The former Ukip leader suggested Western leaders were “losing sight” by targeting the Syrian government instead of “Islamic terror” which poses a greater danger to the UK.
President Assad was slammed after he allegedly launched a chemical weapons attack on civilians, killing at least 72 people in northern Syria.
US President Donald Trump launched his own attack in retaliation, destroying a government airbase, which is said to be involved in the alleged attack, with 59 Tomahawk missiles.
However, speaking on Fox News, Mr Farage warned against targeting Assad and said the real danger to the West is terrorism.
Farage warned against striking Assad because of the threat from ISIS
However bad a man Assad is, he is actually fighting ISIS every single day
He said: “Are we not losing sight of something else – often in history, it is the case that my enemy’s enemy is my friend?
“However bad a man Assad is, he is actually fighting ISIS every single day.
“I believe that the biggest threat we face in the West is from Islamic terrorism – and we really must not lose sight of that.”
Boris Johnson praised President Trump’s strike on Syria, claiming “Assad is now toxic in every sense”.
The Foreign Secretary lauded the American for showing “a resolve and willingness that has been sadly missing in the last few years”.
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Russian leader Vladimir Putin was dragged into the argument, having been accused of allowing Assad’s chemical attack to happen.
Mr Johnson added: “We cannot mist this moment. It is time for Putin to face the truth about the tyrant he is still propping up.”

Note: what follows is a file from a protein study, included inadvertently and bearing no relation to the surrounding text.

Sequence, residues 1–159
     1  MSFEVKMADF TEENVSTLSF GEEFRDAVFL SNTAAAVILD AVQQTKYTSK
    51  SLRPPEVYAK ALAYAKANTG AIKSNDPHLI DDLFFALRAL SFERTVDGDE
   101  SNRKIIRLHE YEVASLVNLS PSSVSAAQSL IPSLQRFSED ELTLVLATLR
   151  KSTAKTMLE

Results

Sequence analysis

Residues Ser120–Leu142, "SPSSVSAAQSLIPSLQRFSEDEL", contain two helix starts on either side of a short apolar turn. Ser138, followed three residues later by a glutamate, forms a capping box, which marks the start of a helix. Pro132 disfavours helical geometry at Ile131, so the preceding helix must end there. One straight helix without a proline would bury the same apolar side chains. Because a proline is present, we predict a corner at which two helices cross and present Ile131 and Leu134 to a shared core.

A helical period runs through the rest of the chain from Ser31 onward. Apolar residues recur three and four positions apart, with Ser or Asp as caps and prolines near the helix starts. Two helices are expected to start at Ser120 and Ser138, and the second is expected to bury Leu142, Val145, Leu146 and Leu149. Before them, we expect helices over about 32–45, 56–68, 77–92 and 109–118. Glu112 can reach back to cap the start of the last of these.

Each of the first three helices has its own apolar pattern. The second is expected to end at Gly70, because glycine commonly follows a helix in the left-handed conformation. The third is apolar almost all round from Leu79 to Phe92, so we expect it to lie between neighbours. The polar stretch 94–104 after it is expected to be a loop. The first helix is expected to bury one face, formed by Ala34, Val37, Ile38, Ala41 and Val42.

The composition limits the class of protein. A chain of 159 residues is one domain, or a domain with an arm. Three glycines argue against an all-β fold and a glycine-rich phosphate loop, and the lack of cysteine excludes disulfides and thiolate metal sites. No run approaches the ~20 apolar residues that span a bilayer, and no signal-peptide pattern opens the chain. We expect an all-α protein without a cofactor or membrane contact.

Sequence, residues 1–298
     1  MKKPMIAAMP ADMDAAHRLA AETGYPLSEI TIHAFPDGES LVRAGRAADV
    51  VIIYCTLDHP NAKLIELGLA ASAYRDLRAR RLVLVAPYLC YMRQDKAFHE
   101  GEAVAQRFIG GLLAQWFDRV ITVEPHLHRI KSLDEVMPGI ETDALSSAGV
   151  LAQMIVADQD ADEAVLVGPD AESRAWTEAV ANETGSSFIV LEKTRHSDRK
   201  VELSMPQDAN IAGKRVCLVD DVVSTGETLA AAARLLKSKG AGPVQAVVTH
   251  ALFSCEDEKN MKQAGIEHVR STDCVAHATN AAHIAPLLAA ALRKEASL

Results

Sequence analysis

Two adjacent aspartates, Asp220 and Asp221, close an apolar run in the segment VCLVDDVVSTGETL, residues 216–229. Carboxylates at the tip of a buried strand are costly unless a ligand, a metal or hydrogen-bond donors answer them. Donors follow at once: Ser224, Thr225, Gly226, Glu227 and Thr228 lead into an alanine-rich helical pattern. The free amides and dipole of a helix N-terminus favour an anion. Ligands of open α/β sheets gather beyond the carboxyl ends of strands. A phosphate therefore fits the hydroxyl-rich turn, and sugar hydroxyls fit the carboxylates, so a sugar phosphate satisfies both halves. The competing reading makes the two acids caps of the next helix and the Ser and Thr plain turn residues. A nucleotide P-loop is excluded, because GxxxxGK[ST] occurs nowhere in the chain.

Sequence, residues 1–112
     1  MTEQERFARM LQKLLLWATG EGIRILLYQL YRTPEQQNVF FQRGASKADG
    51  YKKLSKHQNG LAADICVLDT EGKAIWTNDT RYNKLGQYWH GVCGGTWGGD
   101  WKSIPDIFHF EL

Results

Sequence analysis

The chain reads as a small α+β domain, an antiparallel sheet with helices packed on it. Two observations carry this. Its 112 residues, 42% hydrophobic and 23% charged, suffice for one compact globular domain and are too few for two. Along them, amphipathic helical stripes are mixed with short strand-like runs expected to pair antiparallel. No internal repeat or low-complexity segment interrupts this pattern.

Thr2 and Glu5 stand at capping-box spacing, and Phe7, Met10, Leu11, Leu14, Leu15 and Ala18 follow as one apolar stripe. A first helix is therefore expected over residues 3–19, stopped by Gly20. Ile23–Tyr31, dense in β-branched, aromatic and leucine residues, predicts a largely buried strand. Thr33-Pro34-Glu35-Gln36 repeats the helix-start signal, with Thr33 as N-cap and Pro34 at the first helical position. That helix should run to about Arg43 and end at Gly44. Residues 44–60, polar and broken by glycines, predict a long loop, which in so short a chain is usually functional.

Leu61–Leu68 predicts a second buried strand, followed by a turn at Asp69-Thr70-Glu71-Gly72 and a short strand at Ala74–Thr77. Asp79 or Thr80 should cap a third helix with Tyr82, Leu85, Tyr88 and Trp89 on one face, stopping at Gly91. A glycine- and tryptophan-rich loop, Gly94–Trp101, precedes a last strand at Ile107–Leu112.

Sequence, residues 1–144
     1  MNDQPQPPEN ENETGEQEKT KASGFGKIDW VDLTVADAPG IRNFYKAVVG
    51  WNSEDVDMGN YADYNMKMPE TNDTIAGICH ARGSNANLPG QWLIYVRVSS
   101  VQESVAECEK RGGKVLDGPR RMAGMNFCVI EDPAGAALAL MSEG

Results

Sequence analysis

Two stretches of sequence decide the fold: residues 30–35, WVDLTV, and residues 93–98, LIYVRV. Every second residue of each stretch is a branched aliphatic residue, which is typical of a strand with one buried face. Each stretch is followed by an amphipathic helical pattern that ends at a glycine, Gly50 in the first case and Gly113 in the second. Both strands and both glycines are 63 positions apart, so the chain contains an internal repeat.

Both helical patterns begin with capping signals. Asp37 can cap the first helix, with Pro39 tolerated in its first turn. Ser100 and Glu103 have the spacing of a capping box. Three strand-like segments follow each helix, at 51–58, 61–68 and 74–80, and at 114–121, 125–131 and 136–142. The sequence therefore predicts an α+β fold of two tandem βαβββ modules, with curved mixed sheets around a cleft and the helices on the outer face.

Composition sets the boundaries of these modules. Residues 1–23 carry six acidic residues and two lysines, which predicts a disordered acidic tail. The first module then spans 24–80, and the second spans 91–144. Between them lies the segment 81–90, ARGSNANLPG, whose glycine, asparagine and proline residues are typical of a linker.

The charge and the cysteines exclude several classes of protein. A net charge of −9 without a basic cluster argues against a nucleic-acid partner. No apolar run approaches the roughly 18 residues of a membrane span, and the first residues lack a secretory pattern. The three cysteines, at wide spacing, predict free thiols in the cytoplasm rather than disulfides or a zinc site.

Washington warned Syria more military strikes could follow if they continue to use chemical weapons, but would prefer a diplomatic solution to be found.
Countries that support and oppose the missile strikes in Syria Mon, April 10, 2017
European countries have been broadly supportive so far as President Trump ordered missile strikes against a Syrian airfield from which a deadly chemical weapons attack was launched
AFP/Getty Images 1 of 7
SYRIA OPPOSES: President Bashar al-Assad's office denounced the U.S. strike as 'reckless, irresponsible behavior.'
The Foreign Secretary cancelled a trip to Moscow after the alleged Russian involvement in the conflict.
Mr Johnson claimed critics “carping and using the death of civilians in a gas attack to fire off person insults” were only emboldening the Russians and Assad.
Alex Salmond, the SNP’s foreign affairs spokesman, claimed the Foreign Secretary was in “deep political trouble” and had looked “daft” after pulling out of his meeting in Russia, in the wake of US intervention in Syria.
Mr Johnson responded: “I am focussed on working with the US and getting the G7 behind the goal of ending this war and rebuilding Syria – one Rex Tillerson will deliver for the whole of the G7 to Russia.”